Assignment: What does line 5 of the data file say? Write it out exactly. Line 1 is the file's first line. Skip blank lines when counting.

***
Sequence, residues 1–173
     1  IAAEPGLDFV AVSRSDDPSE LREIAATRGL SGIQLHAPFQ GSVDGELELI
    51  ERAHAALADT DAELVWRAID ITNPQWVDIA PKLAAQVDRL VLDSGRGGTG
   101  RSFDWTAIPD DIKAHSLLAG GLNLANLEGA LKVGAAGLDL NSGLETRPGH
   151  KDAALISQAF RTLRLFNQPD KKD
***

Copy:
   151  KDAALISQAF RTLRLFNQPD KKD